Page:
You add your Windows-version to be able to differentiate between the different versions, and then it will create a number of groups. Of course, feel free to change the names.

When the groups have been created, you currently need to set up your Update Rings manually. Below Ill show you how to set up the first one – and after that I’ve provided you with a table with suggested settings for the additional rings. Configure these according to your needs – and let me know if you would like any input.

Begin by moving to the Software Updates blade of Intune:


Choose Windows 10 Update Rings:


Click “Create”:


And configure the first ring according to screen shots below:



When the ring is configured you also need to assign it to the corresponding group that you created using the scripts, you’ll get a brief overview of how to do it below:



And then you repeat the process for each group. The suggested configuration follow below:


So, when all the updates rings are done and connected to their respective group its time to move on.

Enable Azure AD Group Self-Service

To enable self-service deferral (which I do recommend) we need to enable Self-Service AAD Group Management. In other words enable the user to add (and remove) its own user account from Azure AD Groups. Start by going to Azure Active Directory in the Azure portal:


The setting we are after is located under “User & Groups”:


Open Group settings and start configuring the settings:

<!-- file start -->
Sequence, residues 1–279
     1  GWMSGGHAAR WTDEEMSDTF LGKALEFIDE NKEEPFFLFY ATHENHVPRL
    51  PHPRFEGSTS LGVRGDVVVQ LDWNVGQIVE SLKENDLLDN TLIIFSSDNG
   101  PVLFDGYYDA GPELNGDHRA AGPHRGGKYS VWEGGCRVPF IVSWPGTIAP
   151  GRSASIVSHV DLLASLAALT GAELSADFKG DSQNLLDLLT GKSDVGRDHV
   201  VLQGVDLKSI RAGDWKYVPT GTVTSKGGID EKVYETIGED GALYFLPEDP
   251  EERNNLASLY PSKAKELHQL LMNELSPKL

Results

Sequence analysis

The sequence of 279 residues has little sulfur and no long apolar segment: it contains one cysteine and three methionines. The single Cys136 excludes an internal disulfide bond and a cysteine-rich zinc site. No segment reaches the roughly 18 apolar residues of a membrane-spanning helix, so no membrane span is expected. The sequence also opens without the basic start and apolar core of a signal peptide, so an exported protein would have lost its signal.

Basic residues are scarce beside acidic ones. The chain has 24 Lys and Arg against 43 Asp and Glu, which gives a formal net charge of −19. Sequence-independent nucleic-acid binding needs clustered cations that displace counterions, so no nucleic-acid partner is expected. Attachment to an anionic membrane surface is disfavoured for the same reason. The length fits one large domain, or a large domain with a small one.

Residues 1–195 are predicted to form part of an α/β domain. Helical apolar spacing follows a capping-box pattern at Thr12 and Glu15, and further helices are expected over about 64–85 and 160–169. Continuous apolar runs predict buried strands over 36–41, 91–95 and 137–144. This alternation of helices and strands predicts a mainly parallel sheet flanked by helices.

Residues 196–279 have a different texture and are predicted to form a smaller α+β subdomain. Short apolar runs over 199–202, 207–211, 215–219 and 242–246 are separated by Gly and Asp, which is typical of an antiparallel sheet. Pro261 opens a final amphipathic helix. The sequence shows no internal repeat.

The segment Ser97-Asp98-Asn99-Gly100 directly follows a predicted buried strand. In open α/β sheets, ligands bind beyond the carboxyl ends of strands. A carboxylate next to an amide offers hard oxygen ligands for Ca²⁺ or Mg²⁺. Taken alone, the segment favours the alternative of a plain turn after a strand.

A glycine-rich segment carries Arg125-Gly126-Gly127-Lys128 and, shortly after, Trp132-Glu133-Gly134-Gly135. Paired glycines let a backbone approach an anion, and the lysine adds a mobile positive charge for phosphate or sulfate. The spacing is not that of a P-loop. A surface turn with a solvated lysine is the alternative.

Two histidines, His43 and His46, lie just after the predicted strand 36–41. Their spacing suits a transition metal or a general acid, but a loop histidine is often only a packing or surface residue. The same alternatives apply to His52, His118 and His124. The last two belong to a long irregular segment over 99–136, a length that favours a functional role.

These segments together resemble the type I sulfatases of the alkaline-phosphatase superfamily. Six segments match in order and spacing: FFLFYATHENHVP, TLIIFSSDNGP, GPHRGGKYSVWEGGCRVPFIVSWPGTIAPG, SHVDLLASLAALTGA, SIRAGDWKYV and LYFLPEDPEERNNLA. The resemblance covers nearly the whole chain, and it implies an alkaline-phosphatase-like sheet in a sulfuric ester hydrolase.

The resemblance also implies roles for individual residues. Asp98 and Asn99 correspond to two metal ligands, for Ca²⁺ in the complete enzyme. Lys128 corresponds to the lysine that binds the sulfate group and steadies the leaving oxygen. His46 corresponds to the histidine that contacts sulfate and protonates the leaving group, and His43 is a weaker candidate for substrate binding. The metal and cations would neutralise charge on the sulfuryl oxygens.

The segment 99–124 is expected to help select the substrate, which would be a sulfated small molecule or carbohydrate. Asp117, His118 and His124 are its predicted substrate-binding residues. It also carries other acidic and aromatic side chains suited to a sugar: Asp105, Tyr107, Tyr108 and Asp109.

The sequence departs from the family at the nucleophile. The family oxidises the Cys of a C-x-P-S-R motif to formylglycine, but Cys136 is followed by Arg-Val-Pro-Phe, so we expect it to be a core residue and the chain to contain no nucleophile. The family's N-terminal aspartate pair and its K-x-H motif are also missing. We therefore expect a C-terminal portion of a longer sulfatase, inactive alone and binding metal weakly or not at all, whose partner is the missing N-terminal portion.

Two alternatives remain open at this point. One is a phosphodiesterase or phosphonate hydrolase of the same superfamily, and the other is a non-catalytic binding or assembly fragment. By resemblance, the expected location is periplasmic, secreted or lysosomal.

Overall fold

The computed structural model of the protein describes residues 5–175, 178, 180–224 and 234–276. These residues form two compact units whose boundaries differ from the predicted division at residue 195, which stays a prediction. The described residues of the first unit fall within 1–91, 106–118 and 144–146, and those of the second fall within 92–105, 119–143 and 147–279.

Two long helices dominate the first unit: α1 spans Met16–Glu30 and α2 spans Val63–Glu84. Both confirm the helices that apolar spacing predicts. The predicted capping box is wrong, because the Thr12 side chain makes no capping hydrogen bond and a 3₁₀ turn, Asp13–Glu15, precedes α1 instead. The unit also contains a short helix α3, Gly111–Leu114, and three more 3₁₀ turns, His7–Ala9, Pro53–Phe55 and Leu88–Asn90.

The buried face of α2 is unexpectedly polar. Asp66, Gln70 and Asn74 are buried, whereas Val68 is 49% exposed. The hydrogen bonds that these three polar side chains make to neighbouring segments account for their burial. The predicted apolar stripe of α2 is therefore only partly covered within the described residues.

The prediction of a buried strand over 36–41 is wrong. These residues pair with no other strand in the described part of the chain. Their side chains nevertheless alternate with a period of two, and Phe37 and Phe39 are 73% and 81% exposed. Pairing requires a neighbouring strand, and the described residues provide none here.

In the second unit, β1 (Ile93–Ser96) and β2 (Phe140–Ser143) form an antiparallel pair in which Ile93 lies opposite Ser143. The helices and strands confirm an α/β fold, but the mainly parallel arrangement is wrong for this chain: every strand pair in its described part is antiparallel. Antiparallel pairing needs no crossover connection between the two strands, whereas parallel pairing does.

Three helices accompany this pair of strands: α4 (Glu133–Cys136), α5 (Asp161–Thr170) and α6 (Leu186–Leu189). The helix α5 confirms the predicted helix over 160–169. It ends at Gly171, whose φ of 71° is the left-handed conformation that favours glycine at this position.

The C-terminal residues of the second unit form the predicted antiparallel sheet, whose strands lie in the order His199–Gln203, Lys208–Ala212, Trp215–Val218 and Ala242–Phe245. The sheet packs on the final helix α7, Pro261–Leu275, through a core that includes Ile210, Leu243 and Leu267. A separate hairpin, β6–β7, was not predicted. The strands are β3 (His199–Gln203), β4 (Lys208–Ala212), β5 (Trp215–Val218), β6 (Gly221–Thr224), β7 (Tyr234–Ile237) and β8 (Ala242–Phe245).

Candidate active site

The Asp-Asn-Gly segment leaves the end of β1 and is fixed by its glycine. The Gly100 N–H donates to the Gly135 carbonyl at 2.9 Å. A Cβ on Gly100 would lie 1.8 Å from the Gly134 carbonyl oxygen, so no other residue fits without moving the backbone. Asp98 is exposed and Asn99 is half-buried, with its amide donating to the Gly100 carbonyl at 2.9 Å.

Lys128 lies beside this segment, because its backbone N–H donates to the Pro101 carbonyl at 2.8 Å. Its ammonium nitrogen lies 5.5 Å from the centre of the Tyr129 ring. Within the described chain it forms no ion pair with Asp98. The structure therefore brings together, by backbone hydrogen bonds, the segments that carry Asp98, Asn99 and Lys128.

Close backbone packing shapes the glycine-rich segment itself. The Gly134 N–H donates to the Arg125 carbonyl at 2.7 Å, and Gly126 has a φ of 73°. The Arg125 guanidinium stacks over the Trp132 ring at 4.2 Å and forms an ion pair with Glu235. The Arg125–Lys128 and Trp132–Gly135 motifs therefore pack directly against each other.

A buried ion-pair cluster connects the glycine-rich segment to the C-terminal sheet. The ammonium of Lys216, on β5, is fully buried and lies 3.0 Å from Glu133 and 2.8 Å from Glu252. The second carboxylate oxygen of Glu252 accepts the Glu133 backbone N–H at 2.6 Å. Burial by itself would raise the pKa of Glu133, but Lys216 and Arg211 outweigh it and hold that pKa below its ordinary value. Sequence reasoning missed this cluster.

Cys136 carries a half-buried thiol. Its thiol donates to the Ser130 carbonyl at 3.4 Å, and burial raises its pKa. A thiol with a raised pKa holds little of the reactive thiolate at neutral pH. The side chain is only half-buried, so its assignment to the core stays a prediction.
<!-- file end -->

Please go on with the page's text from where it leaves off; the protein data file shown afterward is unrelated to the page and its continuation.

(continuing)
Start by enabling “Self-service group management” and choose the groups (or groups) of user that should be able to use self-service. Its advisable to limit this, but in my case I’ve gone for the easiest (laziest) approach. Save the settings and you are basically done.


Now, to try out the new feature go to the MyApps-page and log on using your Azure AD credentials. The page will load and you’ll see a page similar to the page below. Click “Groups”.


You’ll end up on a page where you can view all the groups you are a member of, and also the groups you own. But we want to join a new group:


The first time you enter this page, you wont be able to join any of the groups. The group-owner (or a Azure AD admin) needs to enable self-service for a particular group. This is done by selecting the group you want to enable (in our case the Self-Service Deferred one) and click “Show more details”:


“Edit details”:


A new menu will open, and you can now choose how a user can get access. Either by letting anyone join without the need for approval – which probably could be a good test scenario (or if you like a permanent scenario) – or enable approval by the group owner.


Afterwards the “Join Group” button will be visible and your users (the once you have configured at least) will be able to join the group.

Azure Automation and scripts

Now we have a number of groups and we have enabled Self-service deferral (and self-service group management) and now its time to automate! Currently its achieved by two scripts. One that populates the rings based on group membership (SAC-T) or at random (SAC-B) and one script to drive the self-service management.

One of the (and probably one of the easiest & coolest) ways to schedule the scripts is to use Azure Automation.

We’ll (as always) start of in the Azure portal, and add the service to our tenant. Click “New” and search for “Automation”:

When you’ve found the correct solution, click “Create” and fill in the settings to suit your environment. In most cases, you could probably leave all the settings at default and just give the account a fancy name:


The automation account will be configured and the Run As accounts created. When its done, you’ll get a notification from the portal and you can reach your new automation solution using the “Go to Resource” button: